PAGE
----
GAS CITY-- Feeling weary driving the highway en route to Indianapolis from Fort Wayne, I saw a sign that made me feel at home. Starbucks. What's a weary Seattlelite to do?
Pull over, of course.
I grabbed a coffee at the Gas City Starbucks located in Grant County Sunday evening. I made the stop with my colleagues Will Mari and Meghan Peters after I left the Obama picnic in Fort Wayne, which is also located in Grant County, in the northwestern region of the state. Grant County is considered in some corners of the blogosphere to be a toss up, or tie county, between Hillary Clinton and Barack Obama.
People throughout Indiana are excited. I am hearing that from Hoosiers over and over again. I am hearing some shared policy opinions among them, too.
Most of the people I talked with in Grant County, and around the state, have so far said Clinton's gas tax holiday is just a short-term solution. "The gas tax holiday is insulting to the country's intelligence. It's not going to help," said Obama supporter Liz Karst, who attended the Obama picnic event with her husband and two daughters.
Karsts' husband works as a construction contractor and attended the event undecided between Clinton and Obama. Afterward, he left unsure of where Obama stood on specific policy issues and said he was leaning toward Clinton.
At the Starbucks in Gas City, an Obama supporter, Kelly Berry, was having coffee with best friend Shannon Suever. Berry said she felt the same about the gas tax holiday. "It's the dumbest thing I have ever heard of. It's a political ploy," said Berry, who works as a dental hygienist in the area.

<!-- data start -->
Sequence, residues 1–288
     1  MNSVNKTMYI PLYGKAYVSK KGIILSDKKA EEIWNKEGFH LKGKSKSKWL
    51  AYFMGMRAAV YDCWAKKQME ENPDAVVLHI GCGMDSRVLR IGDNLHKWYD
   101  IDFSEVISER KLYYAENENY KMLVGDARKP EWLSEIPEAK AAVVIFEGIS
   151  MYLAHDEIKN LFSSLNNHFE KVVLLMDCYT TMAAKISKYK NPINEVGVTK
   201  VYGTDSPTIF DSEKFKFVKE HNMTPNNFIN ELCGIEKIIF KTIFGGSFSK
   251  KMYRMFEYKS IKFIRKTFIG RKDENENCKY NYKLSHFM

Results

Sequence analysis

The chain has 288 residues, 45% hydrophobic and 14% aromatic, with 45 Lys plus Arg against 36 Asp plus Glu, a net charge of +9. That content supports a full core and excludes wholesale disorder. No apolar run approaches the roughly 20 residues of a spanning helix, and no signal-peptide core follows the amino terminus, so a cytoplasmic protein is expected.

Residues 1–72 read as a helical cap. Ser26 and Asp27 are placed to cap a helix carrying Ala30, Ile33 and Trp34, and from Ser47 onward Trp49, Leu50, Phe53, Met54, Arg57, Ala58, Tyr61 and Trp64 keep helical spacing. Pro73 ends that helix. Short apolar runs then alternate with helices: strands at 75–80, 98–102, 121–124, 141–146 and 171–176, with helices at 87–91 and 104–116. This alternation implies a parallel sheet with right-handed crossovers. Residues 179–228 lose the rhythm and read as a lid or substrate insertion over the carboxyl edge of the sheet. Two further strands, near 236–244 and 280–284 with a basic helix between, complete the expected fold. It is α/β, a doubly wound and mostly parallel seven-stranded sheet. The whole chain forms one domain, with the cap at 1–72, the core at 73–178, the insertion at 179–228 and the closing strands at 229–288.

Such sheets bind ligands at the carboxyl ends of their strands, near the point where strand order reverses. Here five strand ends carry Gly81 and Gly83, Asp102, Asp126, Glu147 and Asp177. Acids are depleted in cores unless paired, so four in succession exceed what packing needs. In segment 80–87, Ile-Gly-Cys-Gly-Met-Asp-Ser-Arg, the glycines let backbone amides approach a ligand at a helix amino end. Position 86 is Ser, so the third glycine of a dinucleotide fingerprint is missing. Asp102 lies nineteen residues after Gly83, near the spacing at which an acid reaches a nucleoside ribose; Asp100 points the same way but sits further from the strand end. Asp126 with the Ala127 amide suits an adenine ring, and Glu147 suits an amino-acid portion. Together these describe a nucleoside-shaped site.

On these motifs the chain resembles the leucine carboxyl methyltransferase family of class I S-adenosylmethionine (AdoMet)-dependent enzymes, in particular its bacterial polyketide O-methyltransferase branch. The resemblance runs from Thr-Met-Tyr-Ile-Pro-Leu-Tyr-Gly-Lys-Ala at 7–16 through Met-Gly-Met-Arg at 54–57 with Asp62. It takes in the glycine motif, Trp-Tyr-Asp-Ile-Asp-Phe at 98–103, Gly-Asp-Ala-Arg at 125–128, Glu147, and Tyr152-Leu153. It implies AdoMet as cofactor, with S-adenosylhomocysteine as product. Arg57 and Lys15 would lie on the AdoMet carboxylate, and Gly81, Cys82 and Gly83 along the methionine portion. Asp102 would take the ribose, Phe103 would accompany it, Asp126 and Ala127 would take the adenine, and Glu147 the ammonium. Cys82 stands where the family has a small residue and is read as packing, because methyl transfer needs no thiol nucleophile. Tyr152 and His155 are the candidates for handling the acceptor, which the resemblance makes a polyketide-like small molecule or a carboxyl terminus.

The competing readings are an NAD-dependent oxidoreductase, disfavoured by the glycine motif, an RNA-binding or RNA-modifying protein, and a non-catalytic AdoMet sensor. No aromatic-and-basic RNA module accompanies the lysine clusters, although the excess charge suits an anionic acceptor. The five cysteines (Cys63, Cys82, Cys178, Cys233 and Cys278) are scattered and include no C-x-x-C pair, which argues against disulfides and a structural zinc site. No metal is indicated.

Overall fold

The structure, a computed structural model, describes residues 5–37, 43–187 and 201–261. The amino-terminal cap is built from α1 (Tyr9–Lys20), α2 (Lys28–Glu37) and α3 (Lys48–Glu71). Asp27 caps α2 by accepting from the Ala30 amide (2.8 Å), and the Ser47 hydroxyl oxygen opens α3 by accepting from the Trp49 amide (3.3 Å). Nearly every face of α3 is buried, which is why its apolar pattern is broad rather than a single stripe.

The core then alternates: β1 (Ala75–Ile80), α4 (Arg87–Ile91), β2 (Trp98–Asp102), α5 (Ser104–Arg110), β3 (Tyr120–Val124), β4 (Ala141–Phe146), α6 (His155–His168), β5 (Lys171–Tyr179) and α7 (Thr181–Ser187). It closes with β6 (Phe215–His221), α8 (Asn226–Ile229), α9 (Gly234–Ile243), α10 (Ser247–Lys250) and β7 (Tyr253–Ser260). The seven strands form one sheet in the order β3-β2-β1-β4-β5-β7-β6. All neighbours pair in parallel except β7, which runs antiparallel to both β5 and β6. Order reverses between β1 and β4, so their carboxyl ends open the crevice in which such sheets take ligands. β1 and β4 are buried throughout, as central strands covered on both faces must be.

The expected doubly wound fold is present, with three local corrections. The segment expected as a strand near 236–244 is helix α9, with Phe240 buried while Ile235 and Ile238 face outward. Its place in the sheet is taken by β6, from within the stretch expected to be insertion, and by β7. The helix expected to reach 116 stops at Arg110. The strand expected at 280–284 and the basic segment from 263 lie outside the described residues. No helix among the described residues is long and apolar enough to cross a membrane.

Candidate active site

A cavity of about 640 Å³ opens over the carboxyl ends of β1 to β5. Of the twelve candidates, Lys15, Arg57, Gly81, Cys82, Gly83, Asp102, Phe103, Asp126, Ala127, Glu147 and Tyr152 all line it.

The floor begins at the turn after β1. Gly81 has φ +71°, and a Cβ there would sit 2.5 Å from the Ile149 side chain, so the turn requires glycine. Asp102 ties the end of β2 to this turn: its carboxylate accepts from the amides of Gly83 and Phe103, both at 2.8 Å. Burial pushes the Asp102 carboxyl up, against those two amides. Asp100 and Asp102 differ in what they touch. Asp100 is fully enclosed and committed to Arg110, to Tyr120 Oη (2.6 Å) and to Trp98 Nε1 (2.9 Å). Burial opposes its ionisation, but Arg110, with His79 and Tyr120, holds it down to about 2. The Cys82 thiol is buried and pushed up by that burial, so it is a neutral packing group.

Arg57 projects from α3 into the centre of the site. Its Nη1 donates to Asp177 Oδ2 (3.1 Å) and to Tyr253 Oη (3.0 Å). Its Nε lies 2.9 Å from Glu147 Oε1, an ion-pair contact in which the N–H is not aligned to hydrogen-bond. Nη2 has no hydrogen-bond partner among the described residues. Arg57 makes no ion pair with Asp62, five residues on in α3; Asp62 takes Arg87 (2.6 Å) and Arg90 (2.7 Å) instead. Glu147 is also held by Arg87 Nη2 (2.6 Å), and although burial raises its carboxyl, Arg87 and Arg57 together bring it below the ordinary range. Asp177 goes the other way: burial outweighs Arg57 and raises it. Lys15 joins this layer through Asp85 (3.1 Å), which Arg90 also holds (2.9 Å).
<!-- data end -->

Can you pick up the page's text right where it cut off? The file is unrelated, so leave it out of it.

Both women could fit the group of voters that favor Clinton. However, not these two women. Berry said she used to support Clinton but made the switch to Obama because she was very disappointed in the negative attacks by the Clinton campaign. Berry fears a backdoor superdelegate primary decision and said John McCain would get her vote in the fall if Obama lost the nomination.
Suever, a Republican, who lives just outside of Gas City in a conservative neighborhood, said she would vote for Obama in November if he won the nomination. If Clinton was on the ticket, she said she would vote for McCain.
Berry was not the only person I talked with who made the switch from Clinton to Obama for the reason of disappointment in negative campaign tactics. "I lost respect for Bill Clinton," said Sam Woodfin, a retiree who attended the Obama picnic with friends.
Obama's family picnic event drew a crowd of roughly 3,000. Just a few hours earlier and only five minutes away, Clinton drew a crowd of roughly three hundred at Indiana Tech in the commons.
Both candidates have been campaigning in different cities in Grant County. President Clinton and Chelsea Clinton have also made stops. Obama was the only one who visited the city of Marion in Grant County. And today, the Chronicle Tribune, which serves Grant County, wrote an editorial that didn't specifically announce an endorsement for Obama but had favorable things to say about him.
"It's gonna be extremely tight," said Berry on the primary. "I think I'd rather bet on the Kentucky Derby."